Greco led a tour of the production lines, where workers in clean-room bunny suits operated machinery. At the time, he was preoccupied with adding a second assembly line that would be nearly autonomous, he said. “Rony loves it, because essentially we’re going to have the robots, like little R2D2s, that are literally going to move the materials around,” Greco said.
Magic Leap designed a supply chain fit for a multinational corporation. The lenses and other materials were built in Florida and shipped to Guadalajara, Mexico, where a partner assembled the headsets and sent them back to the U.S.
Abovitz ran Magic Leap as though it was already a serious rival to companies like Apple, which wasn’t always the cheapest or most effective approach. “I’m not sure why there wasn’t anybody who said you can’t build this out, and you can’t turn all this stuff on at this stage,” said an early Magic Leap investor.
Like many investors, this one had initially been won over by a dazzling demo, only to watch things go wrong, not just technically but culturally. For those on the inside, Abovitz’s vision had become a sort of blindfold to common business sense. “Everyone was so bought in, they’d drunk the Kool-Aid together. Nobody stopped to say, ‘This product sucks,’” the investor said. “The first time I put on the real one, it was just like, ‘Oh shit. You guys did not deliver on your promise.’”
As Abovitz was publicly declaring he would crush the Big Tech companies, he maintained a backchannel with nearly all of them, just in case. The CEOs of Apple, Facebook Inc. and Google each journeyed to Florida for discussions about a potential acquisition in 2016, according to the technology news site the Information. The talks with Apple progressed far enough that Abovitz flew to Cupertino, California, to meet with the company’s senior leadership, said a person familiar with the trip. Abovitz named the sale talks Project Batman.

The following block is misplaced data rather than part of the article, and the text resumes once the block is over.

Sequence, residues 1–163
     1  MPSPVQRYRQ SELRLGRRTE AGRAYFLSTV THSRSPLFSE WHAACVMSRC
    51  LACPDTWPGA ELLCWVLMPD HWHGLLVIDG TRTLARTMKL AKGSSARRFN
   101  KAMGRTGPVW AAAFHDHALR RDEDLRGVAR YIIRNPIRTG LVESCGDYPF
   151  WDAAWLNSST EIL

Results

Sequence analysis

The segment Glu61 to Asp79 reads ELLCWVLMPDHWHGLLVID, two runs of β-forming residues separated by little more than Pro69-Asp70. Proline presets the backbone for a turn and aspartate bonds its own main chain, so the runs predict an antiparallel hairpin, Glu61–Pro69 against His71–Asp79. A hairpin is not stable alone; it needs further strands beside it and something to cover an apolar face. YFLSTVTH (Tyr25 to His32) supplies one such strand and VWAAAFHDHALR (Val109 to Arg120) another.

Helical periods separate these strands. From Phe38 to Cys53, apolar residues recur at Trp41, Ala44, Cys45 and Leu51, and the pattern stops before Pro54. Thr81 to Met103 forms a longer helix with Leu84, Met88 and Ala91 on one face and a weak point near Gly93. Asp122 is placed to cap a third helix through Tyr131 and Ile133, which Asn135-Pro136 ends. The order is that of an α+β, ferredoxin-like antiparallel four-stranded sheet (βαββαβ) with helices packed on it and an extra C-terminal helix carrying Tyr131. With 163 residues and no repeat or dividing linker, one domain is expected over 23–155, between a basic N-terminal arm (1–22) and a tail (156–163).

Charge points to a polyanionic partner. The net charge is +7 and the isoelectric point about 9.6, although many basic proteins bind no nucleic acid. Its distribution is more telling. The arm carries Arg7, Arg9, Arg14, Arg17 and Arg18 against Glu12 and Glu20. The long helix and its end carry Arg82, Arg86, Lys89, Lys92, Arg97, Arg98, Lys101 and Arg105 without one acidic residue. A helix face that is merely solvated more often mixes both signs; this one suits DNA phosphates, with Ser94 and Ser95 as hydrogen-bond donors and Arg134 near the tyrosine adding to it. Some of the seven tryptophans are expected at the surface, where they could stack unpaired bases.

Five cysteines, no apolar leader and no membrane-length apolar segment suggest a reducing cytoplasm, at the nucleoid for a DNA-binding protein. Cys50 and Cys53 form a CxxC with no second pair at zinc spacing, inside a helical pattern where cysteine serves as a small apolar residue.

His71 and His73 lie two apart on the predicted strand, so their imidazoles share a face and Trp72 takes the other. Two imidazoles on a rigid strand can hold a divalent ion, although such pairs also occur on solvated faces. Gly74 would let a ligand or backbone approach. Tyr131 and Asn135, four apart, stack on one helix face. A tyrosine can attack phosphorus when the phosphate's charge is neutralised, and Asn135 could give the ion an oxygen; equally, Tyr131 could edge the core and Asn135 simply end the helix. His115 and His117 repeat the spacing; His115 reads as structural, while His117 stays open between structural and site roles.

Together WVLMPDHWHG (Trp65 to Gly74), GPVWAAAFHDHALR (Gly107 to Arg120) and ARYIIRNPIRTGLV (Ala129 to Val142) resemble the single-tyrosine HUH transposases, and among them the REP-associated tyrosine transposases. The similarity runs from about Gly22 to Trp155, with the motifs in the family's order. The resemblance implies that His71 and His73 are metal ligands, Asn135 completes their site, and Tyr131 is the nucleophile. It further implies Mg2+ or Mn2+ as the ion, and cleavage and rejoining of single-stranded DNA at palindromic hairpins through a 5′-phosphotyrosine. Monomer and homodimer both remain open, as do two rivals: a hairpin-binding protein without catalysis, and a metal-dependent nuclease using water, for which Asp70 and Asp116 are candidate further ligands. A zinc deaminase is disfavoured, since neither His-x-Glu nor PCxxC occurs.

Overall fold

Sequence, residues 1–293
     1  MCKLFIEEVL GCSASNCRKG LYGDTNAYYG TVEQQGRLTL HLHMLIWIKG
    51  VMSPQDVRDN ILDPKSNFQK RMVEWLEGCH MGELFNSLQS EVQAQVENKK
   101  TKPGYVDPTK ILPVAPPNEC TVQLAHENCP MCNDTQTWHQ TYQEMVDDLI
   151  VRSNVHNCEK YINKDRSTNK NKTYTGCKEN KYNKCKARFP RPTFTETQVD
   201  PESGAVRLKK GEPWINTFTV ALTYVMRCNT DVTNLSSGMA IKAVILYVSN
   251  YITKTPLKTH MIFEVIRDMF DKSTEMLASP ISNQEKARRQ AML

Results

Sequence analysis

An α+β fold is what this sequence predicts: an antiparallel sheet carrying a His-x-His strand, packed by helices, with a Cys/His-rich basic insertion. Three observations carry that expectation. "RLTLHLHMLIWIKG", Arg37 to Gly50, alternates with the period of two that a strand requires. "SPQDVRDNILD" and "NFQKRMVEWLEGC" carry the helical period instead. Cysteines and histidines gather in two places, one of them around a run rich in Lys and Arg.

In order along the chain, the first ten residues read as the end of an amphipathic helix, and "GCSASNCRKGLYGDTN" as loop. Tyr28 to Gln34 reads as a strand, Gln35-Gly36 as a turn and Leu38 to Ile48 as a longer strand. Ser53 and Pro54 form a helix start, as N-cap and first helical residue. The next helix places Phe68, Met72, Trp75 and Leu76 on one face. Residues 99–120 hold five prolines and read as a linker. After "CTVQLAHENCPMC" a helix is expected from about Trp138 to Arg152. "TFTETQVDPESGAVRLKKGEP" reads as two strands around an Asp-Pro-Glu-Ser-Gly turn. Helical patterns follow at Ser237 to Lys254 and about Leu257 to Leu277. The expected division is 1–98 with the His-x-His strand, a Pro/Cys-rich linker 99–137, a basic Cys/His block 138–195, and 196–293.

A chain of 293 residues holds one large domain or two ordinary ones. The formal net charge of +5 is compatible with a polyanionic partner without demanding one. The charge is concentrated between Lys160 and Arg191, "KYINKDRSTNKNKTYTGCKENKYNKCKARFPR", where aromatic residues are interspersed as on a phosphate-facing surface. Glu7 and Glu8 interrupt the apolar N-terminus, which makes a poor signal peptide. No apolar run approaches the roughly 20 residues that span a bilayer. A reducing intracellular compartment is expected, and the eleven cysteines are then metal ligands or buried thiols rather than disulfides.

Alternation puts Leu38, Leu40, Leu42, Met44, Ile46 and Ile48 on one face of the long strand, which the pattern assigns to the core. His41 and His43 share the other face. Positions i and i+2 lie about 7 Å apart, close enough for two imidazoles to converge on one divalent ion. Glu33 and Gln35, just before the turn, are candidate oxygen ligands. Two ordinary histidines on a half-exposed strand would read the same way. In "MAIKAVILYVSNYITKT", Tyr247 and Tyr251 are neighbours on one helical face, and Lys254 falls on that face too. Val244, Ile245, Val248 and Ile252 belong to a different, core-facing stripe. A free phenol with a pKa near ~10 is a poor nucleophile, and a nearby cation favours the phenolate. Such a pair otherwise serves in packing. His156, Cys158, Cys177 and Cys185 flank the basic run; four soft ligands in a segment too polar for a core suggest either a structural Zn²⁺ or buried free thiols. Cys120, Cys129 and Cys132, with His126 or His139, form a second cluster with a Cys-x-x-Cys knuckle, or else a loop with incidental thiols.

Silicon Valley has long been seduced by the idea of augmented reality and has struggled nearly as long to make the technology useful. When Google’s attempt, Glass, flopped, it steered the product toward medical professionals. Microsoft Corp.’s HoloLens was an impressive gaming machine but unaffordable to most. Now it’s mostly targeted at businesses. Apple’s work on a product that combines augmented and virtual reality, code-named N301, has been ongoing since at least 2015, with more than 1,000 engineers dedicated to the project. Progress has been halting.
Magic Leap executives consistently bristled at reports of the company’s profligacy over the years, saying rivals were actually spending more but obscuring their projects deep within massive balance sheets. Still, Abovitz never figured out how to distill the magic produced by the enormous prototypes into a viable product, former employees said.
The headset Magic Leap released two years ago was based on a different technique, and its limitations were evident immediately. A narrow field of view meant that digital images had to be small or risk appearing cut off, and the headsets couldn’t be used reliably outdoors.The company found tricks to compensate. In one demo billed as a huge dinosaur wandering around an office, it created the effect by situating the creature at the far end of an open hallway so it would fit in the display.
The Magic Leap 1, with its steampunk-inspired design, did offer glimpses of potential. One app allowed people to drop small digital creatures around a room, where they’d adorably bump into the legs of coffee tables and fall off chairs. (They disappeared completely if you weren’t looking directly at them, then suddenly reappeared when turning your head back.) These gimmicks wore off quickly, though. Despite having spent heavily on content and touting collaborations with CNN, the National Basketball Association and Walt Disney Co.’s Lucasfilm, there wasn’t much to do with the device.